My dad and one of my sister’s came in and honestly, I think at that point, he was still alive.
Shortly after, I had each of my daughter’s come in to meet him, and essentially, to also say goodbye. I kept them separate so that they could each have a special moment with him, without any distraction.
My oldest was nine and it clearly broke her heart, but I think it also provided her with a lot of answers. She touched him and even smiled for a photo. Gabriel also “brought” her and her sister a special teddy bear, which we had him “hug” so that they would always have something tangible that they could hold. (Honestly, I find myself constantly holding their bears, too. It’s one of the last things I have that my baby boy physically touched.)
My younger daughter, who was five, came in after. I don’t think she grasped the idea that he had died, but that is probably for the best. All she knew is that she got to meet her brother and I think she will be eternally grateful for that as she gets older.
I had no intention of letting my four-year-old nephew come in the room, but the baby was so angelic that when his mom asked, it was completely fine by me. It was a honor to share Gabriel with as many family members as possible. I needed people to know just how “real” he was. That I had a son and that while he may have passed away, he was a very real part of our story. Continue reading
From my life’s experience, I believe that there is depression and that there is grief. While you certainly can have both at the same time, the two are not interchangeable. I am grieving.
For many years, I struggled with depression and on many occasions, found myself no longer having the will to live. At two distinct points in my life, those emotions were so strong that I attempted to end my life, thankfully to no avail.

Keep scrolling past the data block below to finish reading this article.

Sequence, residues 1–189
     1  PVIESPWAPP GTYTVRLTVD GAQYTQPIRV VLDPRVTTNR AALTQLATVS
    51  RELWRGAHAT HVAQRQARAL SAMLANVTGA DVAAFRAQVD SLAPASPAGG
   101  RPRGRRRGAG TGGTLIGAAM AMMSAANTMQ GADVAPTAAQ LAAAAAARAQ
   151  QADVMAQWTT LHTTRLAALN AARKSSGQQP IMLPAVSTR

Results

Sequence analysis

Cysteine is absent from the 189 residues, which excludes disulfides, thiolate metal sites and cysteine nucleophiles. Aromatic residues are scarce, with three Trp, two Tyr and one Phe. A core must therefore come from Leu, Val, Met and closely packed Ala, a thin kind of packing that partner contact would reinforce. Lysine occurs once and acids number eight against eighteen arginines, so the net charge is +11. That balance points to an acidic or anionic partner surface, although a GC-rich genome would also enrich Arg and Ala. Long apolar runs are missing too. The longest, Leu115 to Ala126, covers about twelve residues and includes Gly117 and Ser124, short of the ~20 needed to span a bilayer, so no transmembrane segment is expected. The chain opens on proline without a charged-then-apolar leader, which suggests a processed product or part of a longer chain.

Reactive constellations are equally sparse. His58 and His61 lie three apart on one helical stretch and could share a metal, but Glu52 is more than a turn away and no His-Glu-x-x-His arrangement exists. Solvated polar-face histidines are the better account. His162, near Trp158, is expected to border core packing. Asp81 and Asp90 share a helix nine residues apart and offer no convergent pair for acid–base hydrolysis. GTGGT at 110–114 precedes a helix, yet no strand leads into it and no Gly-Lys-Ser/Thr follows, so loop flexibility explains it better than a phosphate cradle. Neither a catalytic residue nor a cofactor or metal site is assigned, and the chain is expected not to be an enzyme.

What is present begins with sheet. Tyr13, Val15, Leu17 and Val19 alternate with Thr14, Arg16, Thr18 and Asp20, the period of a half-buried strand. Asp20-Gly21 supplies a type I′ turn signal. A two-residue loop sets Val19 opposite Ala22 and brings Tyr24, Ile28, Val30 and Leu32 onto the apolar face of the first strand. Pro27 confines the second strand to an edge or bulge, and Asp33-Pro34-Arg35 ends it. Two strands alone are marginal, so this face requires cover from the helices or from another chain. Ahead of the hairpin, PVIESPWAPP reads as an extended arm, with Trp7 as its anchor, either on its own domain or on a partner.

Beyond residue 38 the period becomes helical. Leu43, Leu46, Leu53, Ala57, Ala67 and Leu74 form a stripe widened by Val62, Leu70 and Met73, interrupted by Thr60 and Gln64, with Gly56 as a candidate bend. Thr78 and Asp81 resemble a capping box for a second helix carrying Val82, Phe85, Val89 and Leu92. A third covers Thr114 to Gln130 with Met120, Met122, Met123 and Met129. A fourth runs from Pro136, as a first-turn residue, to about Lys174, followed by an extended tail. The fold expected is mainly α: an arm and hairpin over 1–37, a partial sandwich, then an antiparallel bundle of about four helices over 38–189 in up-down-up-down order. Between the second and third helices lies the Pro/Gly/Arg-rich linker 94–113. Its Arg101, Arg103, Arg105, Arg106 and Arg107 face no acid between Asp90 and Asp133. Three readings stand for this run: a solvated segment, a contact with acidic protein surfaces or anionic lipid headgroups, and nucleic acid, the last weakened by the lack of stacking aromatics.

I had lived through some of life’s greatest struggles. From difficult break-ups to being cheated on while pregnant, from sexual assaults to nasty custody battles, I had experienced heartache, anxiety, and emotional exhaustion that challenged my very existence.
It wasn’t until the birth of my daughters that I realized that life was so much bigger than me and my day-to-day problems. I understood that my existence here on earth was so much larger than the hardships I faced. I fought to heal myself though a combination of counseling services, medications, and the realization that my success rate for making it through difficult days was 100 percent. While depression and anxiety still sneak up on me from time to time, as they do to everyone, I am much better equipped with the tools, resources, and mindset to find the good in my life and to move forward in a positive, productive way.
But more recently, I was introduced to the most raw form of grief–the loss of a child– and its presence has shaken me to the core. I am not depressed. I am heartbroken and emotionally devastated.
Even just the simple act of crying has changed for me. Continue reading
Frankly, my choice when facing a Trisomy 18 diagnosis is no one’s business but my own. But being put in a position where I was asked to make an impossible decision has opened my eyes and my heart to others and I urge you all to do the same.
Throughout this process, I was given four options. Continue reading
“Here I am, Lord. Is it I, Lord?”
The sounds of children’s voices echoed through the cathedral at my daughters’ school as my husband, dressed in black, carried our son Gabriel towards the altar. My two daughters and I, along with our family members and all the small children in attendance, followed behind, carrying white roses to offer him near his casket. My mom took one of my grandmother’s tablecloth’s and placed it over top, as a pall.
I will always remember my baby boy being placed at the forefront of this beautiful cathedral, painted light blue, surrounded by roses, stained glass windows, and the smell of incense. My husband placed a baby blue Crucifix on top of his casket and a two-toned blue Rosary nearby.
And then it began–my baby’s funeral. My son’s official farewell. Continue reading